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5 Hard Questions about Emerging Technologies We Can’t Afford Not to Ask

5 Hard Questions about Emerging Technologies We Can’t Afford Not to Ask | Interesting | Scoop.it
In the near future access to information and new technology may make profits and privacy obsolete, and force us to redefine the boundaries between humanity and machines

Via RobotEnomics
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Rescooped by Ryan Lanham from SynBioFromLeukipposInstitute
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Synthetic biology on ordinary paper, results off the page (w/video)

Synthetic biology on ordinary paper, results off the page (w/video) | Interesting | Scoop.it
Nanowerk is the leading nanotechnology portal, committed to educate, inform and inspire about nanotechnologies, nanosciences, and other emerging technologies

Via Gerd Moe-Behrens
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BioHacking, Synthetic Biology, and DIYBio - Maker Faire Charlottesville

Jameson Dungan spoke at C'ville Makerfaire about Synthetic Biology and BioLogik Labs. 10.4.14.

Via Gerd Moe-Behrens
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Rescooped by Ryan Lanham from Transhumanism Network
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12 year-old develops handwriting-to-speech app, HandySpeech - NUANCE

12 year-old develops handwriting-to-speech app, HandySpeech - NUANCE | Interesting | Scoop.it

"At just 12 years old, Eric Zeiberg developed HandySpeech for iOS – a handwriting-to-speech application that allows individuals to draw on a smartphone or tablet screen with their finger and have the text read aloud. HandySpeech leverages several advanced technologies, including Nuance voice technology via the NDEV Mobile developer program. It's now recognized by leading professionals and institutions as a valuable application for individuals with speech and hearing challenges."

 

 


Via John Evans, Karen E Smith
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Karen E Smith's curator insight, May 13, 2014 10:50 AM

Learn coding at any age and benefit others.

Mirta Liliana Filgueira's curator insight, May 13, 2014 7:39 PM

Herramienta para personas con problemas de audición.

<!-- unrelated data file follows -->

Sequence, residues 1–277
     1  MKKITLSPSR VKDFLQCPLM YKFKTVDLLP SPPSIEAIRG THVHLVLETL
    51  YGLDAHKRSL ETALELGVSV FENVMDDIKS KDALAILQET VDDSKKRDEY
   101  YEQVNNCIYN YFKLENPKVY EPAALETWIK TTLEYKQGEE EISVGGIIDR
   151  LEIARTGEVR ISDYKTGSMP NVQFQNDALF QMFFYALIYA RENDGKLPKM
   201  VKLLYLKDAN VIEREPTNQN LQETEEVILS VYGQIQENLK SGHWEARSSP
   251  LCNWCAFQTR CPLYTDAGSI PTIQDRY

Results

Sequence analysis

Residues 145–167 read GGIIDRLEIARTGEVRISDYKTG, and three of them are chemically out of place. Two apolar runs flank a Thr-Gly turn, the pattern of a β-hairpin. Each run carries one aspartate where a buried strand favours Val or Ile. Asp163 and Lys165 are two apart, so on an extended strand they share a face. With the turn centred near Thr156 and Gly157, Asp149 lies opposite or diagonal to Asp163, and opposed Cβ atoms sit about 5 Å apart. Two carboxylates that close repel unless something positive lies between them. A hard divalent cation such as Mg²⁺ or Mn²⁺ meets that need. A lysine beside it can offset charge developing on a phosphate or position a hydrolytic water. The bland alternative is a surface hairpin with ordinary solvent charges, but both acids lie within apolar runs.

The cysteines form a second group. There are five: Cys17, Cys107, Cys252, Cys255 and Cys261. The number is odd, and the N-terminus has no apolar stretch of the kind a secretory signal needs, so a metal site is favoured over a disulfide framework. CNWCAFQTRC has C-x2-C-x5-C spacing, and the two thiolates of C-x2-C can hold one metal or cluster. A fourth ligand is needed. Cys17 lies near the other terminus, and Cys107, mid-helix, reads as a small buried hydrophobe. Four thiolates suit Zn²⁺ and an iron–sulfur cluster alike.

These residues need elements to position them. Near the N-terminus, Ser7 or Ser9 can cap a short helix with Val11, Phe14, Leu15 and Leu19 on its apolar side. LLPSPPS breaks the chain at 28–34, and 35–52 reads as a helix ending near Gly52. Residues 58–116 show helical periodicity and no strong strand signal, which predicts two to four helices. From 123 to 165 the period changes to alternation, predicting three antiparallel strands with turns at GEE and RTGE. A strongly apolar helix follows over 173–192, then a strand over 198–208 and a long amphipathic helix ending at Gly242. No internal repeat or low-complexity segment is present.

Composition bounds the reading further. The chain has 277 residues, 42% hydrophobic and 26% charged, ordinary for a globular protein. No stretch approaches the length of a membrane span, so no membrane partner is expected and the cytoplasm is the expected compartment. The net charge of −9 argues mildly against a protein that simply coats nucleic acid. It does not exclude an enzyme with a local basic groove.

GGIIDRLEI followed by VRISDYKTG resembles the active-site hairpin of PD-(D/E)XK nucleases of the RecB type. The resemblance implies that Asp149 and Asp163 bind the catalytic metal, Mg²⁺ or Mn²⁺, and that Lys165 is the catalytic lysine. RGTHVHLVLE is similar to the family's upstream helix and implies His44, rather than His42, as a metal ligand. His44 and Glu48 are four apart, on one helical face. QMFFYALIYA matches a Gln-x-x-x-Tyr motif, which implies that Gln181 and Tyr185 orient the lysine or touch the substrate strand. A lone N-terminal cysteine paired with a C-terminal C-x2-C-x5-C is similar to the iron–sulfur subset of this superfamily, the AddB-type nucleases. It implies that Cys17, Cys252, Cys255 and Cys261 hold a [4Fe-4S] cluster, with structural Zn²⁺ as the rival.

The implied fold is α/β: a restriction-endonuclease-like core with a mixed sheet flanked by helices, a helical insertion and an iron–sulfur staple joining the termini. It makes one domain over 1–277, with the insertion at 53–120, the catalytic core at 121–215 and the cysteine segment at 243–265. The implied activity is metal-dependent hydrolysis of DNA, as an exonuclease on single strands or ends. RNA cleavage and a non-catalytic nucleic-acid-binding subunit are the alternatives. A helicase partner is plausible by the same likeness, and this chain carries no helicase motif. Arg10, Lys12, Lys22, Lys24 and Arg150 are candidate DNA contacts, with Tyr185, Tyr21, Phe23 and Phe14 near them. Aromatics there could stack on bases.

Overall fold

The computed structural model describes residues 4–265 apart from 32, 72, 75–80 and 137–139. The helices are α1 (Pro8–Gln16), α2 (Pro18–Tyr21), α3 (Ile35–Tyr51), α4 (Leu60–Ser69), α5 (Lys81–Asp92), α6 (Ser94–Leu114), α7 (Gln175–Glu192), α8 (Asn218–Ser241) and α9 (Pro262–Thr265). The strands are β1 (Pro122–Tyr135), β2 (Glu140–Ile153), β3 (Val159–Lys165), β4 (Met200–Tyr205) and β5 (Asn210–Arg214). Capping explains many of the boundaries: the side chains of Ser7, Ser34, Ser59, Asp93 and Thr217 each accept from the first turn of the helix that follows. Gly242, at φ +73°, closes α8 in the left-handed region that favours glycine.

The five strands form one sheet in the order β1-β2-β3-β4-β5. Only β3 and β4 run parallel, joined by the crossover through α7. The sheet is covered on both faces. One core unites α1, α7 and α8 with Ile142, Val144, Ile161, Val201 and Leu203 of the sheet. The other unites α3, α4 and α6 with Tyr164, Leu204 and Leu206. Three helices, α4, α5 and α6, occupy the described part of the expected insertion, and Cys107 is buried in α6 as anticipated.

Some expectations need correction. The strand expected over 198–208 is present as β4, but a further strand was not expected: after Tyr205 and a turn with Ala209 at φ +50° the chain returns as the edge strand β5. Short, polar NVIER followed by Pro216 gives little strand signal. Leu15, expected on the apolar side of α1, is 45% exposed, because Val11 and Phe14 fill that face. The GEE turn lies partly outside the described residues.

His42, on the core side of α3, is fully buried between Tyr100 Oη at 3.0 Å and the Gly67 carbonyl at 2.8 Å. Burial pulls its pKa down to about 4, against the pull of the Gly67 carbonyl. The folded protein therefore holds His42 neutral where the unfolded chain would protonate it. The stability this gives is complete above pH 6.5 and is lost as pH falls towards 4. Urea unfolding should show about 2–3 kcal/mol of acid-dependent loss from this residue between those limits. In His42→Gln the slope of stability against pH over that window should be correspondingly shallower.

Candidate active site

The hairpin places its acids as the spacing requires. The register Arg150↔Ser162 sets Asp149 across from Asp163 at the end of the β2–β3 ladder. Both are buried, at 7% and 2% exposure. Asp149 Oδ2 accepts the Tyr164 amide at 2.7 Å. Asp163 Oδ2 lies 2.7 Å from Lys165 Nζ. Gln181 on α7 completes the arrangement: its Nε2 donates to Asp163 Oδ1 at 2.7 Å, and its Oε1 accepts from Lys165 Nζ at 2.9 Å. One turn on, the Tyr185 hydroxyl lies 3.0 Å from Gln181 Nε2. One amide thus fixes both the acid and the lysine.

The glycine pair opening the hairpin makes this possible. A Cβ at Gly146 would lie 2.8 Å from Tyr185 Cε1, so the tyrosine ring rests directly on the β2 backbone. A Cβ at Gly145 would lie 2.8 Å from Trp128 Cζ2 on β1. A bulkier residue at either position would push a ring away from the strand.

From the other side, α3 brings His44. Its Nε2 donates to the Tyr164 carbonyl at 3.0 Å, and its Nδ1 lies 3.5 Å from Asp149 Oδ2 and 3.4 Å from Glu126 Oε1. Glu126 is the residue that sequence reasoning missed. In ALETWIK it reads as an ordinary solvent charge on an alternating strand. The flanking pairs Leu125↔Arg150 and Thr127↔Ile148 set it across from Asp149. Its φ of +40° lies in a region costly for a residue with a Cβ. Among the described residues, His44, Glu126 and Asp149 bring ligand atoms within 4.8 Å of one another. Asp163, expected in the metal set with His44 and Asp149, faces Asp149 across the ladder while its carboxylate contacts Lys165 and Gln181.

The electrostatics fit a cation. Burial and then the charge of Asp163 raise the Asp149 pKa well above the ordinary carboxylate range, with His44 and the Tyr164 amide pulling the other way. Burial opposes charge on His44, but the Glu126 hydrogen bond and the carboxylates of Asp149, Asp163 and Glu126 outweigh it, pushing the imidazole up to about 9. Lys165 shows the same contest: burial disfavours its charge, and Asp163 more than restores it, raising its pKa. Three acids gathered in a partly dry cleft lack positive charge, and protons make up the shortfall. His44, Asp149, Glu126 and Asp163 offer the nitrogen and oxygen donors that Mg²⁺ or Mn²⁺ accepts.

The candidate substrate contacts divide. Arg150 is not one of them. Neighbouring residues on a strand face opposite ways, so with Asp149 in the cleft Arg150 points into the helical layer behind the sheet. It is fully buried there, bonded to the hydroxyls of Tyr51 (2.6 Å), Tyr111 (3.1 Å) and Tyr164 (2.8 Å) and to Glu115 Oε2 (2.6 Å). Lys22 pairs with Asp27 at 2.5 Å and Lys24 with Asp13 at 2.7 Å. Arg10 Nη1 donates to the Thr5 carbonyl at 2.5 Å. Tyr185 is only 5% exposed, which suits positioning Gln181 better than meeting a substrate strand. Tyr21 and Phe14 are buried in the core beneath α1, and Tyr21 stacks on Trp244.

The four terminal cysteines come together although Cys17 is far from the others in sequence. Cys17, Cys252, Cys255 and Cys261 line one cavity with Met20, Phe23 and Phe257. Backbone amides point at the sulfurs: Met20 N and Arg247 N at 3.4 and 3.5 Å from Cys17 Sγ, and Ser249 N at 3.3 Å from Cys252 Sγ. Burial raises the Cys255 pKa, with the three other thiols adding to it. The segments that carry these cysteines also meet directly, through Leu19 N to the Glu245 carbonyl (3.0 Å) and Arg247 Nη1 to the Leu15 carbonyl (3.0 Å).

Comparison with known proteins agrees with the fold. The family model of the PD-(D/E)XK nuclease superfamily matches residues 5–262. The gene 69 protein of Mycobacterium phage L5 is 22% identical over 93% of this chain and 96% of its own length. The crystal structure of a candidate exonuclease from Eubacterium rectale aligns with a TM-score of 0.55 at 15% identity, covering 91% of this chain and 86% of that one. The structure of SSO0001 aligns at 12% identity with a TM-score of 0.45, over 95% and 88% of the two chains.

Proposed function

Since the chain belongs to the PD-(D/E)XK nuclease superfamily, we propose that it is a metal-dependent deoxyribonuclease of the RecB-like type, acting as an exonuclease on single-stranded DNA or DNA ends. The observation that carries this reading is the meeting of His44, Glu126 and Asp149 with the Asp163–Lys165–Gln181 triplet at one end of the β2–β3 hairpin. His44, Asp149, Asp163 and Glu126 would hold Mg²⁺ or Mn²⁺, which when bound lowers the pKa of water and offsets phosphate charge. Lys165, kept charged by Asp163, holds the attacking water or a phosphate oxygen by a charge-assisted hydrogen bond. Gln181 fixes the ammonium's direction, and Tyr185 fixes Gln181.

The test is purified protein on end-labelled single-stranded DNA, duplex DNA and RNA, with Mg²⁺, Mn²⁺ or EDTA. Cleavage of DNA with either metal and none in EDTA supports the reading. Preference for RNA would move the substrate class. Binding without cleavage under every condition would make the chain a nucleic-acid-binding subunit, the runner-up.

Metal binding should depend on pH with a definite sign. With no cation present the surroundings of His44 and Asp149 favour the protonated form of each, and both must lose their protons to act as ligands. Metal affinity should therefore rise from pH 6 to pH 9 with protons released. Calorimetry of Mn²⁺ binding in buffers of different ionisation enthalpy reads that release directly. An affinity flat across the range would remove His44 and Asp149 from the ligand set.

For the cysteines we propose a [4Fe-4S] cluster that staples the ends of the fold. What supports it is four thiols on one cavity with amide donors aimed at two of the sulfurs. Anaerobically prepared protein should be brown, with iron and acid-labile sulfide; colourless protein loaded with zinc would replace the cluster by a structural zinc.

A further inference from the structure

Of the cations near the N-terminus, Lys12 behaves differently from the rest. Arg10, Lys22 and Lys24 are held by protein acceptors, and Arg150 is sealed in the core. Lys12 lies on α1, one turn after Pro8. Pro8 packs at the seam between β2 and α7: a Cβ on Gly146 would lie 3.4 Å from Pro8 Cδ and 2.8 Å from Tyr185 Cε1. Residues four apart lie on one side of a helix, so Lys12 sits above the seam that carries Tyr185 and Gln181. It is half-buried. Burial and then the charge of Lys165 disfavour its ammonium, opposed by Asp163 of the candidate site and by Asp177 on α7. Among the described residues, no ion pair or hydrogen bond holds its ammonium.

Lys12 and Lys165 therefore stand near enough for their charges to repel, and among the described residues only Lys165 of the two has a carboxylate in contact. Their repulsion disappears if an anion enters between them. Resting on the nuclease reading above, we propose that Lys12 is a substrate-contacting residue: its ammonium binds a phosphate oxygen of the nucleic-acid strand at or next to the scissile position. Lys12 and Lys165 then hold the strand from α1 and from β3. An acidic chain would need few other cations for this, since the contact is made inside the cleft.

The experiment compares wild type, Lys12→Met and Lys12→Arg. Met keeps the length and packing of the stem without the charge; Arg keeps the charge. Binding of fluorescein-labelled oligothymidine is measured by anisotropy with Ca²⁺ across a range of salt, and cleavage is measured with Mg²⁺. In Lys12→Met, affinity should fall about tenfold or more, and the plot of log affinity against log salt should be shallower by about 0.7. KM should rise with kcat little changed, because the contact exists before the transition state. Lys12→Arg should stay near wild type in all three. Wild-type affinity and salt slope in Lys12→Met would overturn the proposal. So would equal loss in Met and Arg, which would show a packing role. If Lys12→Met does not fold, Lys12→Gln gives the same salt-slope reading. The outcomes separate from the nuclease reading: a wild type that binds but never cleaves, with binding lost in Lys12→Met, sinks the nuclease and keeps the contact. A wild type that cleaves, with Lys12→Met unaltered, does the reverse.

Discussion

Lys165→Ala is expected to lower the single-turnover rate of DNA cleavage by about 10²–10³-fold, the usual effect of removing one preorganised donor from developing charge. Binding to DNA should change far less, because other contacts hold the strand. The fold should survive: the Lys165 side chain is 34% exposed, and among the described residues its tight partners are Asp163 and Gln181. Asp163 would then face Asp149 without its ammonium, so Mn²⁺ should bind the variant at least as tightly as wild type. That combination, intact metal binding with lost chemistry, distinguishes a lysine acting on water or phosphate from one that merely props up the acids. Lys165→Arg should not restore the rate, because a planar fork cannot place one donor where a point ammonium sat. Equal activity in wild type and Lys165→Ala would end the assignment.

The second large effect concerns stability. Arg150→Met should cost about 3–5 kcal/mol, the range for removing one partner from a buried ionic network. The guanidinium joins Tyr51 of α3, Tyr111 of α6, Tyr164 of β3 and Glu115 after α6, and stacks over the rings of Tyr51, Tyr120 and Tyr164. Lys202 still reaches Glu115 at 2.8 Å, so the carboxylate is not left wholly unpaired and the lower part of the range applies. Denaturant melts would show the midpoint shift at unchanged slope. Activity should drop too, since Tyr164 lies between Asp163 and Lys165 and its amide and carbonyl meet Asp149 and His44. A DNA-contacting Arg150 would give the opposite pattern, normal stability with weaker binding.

Rescooped by Ryan Lanham from Quantitative Finance
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magrittr: Simplifying R code with pipes

magrittr: Simplifying R code with pipes | Interesting | Scoop.it
(This article was first published on Revolutions, and kindly contributed to R-bloggers)
R is a functional language, which means that your code often contains a lot of ( parentheses ).

Via Vincent Denoiseux
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Students working on incredible Battlestar Galactica flight sim for Maker Faire | Geek.com

Students working on incredible Battlestar Galactica flight sim for Maker Faire | Geek.com | Interesting | Scoop.it

Some students in California are working on a Battlestar Galactica Viper flight simulator.  Impressive.

 

"Mar.25, 2012 - Attention all you would be Colonial Viper pilots, there's a new project underway that is going to help train you to take out some toasters in the next epic..."


Via Melanie Barker
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Craftsmanship is Dead. Long Live Maker Culture. | Spotlight on Digital Media and Learning

Craftsmanship is Dead. Long Live Maker Culture. | Spotlight on Digital Media and Learning | Interesting | Scoop.it

A response to Louis Uchitelle's piece on the death of craftsmanship in America.


Via Melanie Barker
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We can do better than Shop Class

I really didn’t like shop class. Looking back, there’s so much that I could have enjoyed about it, but as a 7th grader in the early 90s I dreaded that room. It was school without readin...

Via Melanie Barker
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Chinese DIY Inventions

Chinese DIY Inventions | Interesting | Scoop.it
One visible sign of China's recent economic growth is the rise in prominence of inventors and entrepreneurs

Via Melanie Barker
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More than just digital quilting

More than just digital quilting | Interesting | Scoop.it





THE scene in the park surrounding New York’s Hall of Science, on a sunny weekend in mid-September, resembles a futuristic craft fair.

Via Melanie Barker